Link | Posted on Feb 22, 2018 at 02:32 UTC as 11th comment | 3 replies

Now all this needs is a 4x5 digital back with a full 4x5 sensor, something like this:
http://largesense.com/products/4x5-large-format-digital-back-ls45/

Only 12MP, but likely a fantastic 12MP.

Link | Posted on Feb 22, 2018 at 02:21 UTC as 12th comment | 5 replies

So, I should take off the bottom plate and put a very very very thin bead of silicone sealant around the edges if I want to be able to set my A7RIII down on a puddle or hold it upside down while shooting in the rain.

I can see aftermarket sealing upgrades on the horizon!

Link | Posted on Feb 21, 2018 at 16:21 UTC as 9th comment | 4 replies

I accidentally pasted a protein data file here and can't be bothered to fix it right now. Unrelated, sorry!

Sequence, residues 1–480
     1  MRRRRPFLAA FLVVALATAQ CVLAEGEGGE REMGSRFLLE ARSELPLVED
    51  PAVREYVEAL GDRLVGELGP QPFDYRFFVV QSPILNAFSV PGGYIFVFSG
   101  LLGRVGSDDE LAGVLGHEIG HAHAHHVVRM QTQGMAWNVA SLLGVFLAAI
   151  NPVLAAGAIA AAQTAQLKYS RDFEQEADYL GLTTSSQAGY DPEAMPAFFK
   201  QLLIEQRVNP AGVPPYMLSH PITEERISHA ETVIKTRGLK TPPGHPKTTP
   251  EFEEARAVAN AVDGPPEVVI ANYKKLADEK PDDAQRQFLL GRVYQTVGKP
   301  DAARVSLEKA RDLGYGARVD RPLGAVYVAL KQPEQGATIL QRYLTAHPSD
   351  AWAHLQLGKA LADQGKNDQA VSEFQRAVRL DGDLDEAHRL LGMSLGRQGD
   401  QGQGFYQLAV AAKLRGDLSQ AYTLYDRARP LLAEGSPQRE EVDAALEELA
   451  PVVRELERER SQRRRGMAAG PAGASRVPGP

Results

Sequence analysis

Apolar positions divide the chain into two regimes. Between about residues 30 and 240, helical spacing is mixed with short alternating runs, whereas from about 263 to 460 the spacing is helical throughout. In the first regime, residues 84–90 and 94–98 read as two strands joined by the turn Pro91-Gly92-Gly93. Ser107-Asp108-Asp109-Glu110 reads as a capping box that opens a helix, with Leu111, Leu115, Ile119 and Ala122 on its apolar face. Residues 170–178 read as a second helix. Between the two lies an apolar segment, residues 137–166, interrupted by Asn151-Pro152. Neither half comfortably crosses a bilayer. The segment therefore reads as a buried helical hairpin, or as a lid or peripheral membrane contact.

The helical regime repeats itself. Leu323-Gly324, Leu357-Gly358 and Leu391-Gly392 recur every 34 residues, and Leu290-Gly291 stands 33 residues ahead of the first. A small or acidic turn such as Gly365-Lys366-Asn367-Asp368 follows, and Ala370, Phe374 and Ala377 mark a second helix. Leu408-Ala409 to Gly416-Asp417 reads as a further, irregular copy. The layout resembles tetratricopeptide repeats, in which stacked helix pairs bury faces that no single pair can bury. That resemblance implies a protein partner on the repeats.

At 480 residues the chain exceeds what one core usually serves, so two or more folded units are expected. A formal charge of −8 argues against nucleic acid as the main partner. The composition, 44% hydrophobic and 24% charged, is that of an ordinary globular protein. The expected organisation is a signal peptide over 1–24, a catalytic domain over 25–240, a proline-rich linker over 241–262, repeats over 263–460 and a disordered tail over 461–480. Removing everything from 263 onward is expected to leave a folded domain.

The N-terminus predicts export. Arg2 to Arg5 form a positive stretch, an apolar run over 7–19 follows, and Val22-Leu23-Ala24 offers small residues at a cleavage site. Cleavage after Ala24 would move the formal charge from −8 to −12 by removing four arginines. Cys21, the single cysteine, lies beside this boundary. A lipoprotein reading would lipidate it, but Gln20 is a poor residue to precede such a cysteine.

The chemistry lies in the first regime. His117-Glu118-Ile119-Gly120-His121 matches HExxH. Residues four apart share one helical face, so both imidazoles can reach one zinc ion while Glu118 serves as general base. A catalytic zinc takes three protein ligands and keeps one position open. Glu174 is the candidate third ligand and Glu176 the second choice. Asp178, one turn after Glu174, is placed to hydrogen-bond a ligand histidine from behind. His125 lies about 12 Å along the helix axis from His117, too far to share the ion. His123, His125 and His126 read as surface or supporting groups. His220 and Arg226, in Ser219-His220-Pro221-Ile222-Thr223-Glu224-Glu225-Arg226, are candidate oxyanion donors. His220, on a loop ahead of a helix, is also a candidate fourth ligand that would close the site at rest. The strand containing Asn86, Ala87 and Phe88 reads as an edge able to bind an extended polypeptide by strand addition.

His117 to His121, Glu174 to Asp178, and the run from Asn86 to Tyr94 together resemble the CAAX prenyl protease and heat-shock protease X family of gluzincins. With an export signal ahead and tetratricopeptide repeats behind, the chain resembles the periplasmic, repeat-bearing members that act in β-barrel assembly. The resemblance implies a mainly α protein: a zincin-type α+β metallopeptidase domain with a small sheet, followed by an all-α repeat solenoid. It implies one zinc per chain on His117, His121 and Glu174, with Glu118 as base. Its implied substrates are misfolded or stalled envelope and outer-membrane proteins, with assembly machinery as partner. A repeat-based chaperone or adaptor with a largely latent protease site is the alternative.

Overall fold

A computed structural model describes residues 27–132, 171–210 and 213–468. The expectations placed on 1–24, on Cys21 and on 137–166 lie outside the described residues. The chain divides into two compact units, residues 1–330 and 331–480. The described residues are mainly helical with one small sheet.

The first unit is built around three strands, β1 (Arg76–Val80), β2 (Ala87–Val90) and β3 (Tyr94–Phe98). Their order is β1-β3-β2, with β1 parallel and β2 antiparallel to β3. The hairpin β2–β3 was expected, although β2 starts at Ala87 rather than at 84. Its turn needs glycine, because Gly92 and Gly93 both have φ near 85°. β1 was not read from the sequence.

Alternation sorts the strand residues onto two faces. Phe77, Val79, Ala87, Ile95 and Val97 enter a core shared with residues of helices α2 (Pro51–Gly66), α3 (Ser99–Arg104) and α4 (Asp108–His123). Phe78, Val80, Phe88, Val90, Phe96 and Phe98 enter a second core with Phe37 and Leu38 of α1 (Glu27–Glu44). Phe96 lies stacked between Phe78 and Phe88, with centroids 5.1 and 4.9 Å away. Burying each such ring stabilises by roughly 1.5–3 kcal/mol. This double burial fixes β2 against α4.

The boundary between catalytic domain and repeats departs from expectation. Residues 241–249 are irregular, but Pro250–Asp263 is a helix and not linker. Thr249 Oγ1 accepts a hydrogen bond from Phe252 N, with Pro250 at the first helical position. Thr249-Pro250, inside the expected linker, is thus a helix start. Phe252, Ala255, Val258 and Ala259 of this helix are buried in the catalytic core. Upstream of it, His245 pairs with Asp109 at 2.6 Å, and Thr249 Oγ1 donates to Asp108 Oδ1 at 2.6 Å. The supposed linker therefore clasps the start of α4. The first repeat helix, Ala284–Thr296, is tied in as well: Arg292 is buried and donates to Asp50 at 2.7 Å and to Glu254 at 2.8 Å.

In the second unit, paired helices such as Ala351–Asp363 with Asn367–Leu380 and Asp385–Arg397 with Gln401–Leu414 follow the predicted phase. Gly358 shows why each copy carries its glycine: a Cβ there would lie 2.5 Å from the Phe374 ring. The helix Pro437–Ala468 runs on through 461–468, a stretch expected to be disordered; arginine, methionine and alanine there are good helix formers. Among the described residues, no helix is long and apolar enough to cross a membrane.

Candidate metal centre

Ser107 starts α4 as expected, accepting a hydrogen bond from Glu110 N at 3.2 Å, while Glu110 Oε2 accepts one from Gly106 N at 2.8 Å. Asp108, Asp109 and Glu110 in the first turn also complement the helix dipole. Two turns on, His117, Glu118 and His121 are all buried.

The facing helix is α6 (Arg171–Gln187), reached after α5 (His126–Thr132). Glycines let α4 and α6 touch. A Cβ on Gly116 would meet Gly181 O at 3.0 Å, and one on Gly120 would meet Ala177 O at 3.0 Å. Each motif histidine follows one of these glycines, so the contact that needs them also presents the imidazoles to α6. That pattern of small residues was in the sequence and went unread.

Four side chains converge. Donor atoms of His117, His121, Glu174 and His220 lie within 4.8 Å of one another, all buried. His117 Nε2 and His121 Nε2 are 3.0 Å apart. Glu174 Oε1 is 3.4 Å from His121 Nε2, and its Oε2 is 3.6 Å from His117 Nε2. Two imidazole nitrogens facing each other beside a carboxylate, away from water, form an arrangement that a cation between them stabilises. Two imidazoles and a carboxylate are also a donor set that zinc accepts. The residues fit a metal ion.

In reply to:

Shlomo Goldwasser: Weight: 1200g

In other words; so heavy it bends light towards it.

Yep, first lens to employ gravitational optics to bend light such that no CA is introduced. This is the opposite of PF optics which makes lenses smaller and lower weight.

Link | Posted on Feb 20, 2018 at 15:58 UTC

I bet they designed it to resolve 50MP at f/1.2 . . . not.
If you want f/1.2 at 50mm then you have to pay the weight and size price.
We'll see how good it is wide open and stopped down.

Link | Posted on Feb 20, 2018 at 15:55 UTC as 26th comment
In reply to:

jhinkey: Why were they shooting from a place that a skier could slide into?
There was another incident earlier where a skier slid into some equipment (hole boring tool left in the ground) that almost caused additional injuries.